School meals: Boris Johnson has not been in touch since June over campaign to feed hungry children, says Marcus Rashford

Andrew Woodcock
·2-min read
Marcus Rashford (POOL/AFP via Getty Images)
Marcus Rashford (POOL/AFP via Getty Images)

Boris Johnson has not been in touch with Marcus Rashford for more than four months to discuss his campaign to feed hungry children, the football star said today.

The comment effectively confirmed reports that the prime minister failed to respond to a letter in September in which the Manchester United and England striker appealed for “teamwork” to deal with the problem in the long term.

Rashford dismissed a claim by health secretary Matt Hancock that the prime minister had communicated with him over his calls for free school meals to be funded through the October half-term and Christmas holiday.

In a tweet responding to Mr Hancock’s claim, the footballer said: “Hmm, unless he’s referring to the call we had following the U-turn in June?…”

Mr Johnson called Rashford in mid-June after executing a humbling about-turn on school meals, agreeing to extend a voucher scheme introduced at the start of the Covid-19 outbreak to cover the summer holidays.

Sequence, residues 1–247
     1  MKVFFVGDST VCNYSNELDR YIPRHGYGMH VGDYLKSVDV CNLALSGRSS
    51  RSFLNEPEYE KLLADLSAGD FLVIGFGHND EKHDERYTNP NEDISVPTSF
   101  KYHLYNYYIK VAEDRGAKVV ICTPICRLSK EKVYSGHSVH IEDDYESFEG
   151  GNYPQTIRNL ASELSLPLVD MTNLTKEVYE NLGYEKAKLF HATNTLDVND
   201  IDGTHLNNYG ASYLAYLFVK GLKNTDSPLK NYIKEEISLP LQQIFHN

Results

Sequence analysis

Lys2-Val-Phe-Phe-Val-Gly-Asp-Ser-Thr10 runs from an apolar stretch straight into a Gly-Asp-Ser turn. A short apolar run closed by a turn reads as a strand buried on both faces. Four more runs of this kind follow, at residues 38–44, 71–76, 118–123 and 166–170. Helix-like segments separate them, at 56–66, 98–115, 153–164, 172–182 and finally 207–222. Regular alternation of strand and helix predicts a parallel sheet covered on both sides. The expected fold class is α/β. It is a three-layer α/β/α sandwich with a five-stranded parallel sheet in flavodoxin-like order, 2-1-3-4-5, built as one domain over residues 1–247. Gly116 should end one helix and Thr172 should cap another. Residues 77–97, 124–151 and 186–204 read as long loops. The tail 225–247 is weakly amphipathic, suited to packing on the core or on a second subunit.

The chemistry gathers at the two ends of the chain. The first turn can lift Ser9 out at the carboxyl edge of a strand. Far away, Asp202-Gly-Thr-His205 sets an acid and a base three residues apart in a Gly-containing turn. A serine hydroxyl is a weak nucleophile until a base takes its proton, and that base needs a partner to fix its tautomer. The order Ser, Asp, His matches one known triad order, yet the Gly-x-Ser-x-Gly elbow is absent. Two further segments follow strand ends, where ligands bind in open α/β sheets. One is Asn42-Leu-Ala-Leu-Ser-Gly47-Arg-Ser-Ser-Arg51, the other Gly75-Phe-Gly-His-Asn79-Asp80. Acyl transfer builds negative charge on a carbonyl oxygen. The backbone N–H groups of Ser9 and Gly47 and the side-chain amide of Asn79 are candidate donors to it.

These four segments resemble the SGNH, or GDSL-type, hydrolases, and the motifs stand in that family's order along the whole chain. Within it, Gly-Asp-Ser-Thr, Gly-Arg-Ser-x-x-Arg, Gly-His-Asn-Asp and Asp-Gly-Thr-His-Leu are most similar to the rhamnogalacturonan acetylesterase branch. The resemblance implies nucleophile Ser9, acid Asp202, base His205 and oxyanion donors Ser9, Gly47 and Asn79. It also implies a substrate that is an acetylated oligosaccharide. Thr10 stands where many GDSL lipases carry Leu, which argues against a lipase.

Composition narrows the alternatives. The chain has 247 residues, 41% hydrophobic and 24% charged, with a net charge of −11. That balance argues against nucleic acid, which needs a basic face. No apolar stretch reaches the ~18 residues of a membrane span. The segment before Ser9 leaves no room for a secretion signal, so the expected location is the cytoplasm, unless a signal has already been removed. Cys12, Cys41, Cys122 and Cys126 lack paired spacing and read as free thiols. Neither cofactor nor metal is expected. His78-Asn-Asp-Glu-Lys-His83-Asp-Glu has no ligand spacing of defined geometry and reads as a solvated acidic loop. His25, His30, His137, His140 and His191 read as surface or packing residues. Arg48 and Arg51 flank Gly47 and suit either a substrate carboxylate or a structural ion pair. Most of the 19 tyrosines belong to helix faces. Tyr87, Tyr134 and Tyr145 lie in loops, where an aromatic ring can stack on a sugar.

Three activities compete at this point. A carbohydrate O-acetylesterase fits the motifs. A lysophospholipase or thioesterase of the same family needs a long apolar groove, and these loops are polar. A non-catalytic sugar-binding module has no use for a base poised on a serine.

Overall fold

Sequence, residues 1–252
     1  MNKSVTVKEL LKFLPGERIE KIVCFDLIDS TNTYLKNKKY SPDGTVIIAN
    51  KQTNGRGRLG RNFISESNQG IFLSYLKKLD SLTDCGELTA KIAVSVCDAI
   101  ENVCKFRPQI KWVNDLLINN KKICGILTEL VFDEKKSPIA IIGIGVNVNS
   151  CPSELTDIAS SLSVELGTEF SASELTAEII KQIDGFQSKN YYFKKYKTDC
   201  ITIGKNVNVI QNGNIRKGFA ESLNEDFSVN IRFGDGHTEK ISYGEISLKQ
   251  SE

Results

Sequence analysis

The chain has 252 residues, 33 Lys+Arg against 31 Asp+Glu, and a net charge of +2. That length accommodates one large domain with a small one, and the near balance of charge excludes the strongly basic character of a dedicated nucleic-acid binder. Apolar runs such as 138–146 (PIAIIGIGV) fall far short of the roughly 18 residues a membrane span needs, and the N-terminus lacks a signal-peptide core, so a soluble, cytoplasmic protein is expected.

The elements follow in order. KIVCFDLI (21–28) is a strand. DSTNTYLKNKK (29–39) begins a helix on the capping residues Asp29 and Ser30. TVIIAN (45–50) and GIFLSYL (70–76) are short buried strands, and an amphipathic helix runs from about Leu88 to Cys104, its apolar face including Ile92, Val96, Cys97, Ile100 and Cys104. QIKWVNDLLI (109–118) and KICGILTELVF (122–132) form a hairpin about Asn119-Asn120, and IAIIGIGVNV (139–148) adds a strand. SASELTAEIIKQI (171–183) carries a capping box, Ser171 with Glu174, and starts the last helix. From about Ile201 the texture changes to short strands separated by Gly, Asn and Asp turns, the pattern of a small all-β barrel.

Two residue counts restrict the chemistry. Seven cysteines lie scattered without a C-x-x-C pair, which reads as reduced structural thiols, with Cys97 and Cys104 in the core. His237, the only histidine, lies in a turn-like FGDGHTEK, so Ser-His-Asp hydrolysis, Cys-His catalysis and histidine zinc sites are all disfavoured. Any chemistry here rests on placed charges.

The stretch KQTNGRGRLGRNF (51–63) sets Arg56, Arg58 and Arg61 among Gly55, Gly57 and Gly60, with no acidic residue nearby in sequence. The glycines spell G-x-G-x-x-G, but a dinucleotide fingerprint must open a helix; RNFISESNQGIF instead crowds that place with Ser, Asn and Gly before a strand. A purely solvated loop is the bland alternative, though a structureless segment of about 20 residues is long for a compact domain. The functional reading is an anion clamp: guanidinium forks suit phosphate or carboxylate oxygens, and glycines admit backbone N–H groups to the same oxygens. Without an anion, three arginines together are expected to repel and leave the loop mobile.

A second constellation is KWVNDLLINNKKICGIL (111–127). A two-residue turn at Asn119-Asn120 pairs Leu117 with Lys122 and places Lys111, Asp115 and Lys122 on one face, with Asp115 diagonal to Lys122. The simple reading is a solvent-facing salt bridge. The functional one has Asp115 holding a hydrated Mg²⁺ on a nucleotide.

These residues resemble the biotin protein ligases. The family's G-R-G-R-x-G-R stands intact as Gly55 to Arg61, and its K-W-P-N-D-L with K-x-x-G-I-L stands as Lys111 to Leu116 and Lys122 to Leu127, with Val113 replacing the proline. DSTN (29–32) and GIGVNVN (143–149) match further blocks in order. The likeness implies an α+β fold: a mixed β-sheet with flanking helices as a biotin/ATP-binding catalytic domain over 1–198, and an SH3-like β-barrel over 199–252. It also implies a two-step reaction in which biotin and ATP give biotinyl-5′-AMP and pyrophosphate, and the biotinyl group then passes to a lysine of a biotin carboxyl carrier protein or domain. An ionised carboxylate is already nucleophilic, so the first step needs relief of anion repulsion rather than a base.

At the time, the PM bizarrely claimed not to have been aware previously of the footballer’s campaign, despite it dominating news headlines for a number of days.

It emerged at the weekend that Rashford wrote a private letter to Johnson in September, warning that vouchers were only a short-term solution and urging the PM to join a taskforce he had created to tackle child food poverty.

It is understood that he received no response.

In a round of media interviews today, Mr Hancock told BBC Breakfast: “We have all seen what Marcus Rashford has done, and the way he has conducted himself in this campaign I think is absolutely exemplary.

“He is making an argument based on his personal experience for the benefit of people who really need that support.”

And he added: “There has been communication between the two, as far as I understand it.”

Pressed on the response from Number 10, Mr Hancock added: “I’m not in charge of the Prime Minister’s correspondence – if there hasn’t been, I’m sure that that will be followed up.”

The comments came amid speculation that Mr Johnson is about to effect a climbdown from his refusal to offer state funding to help feed vulnerable children, and may be drawing up a scheme to provide assistance during the Christmas break.

Read more

700,000 sign petition against MPs’ subsidised food - follow live

Sterling foundation to help young people after Rashford campaign

Petition for government support on free school meals nears a million

Rashford ‘proud’ at local response to free school meals over half-term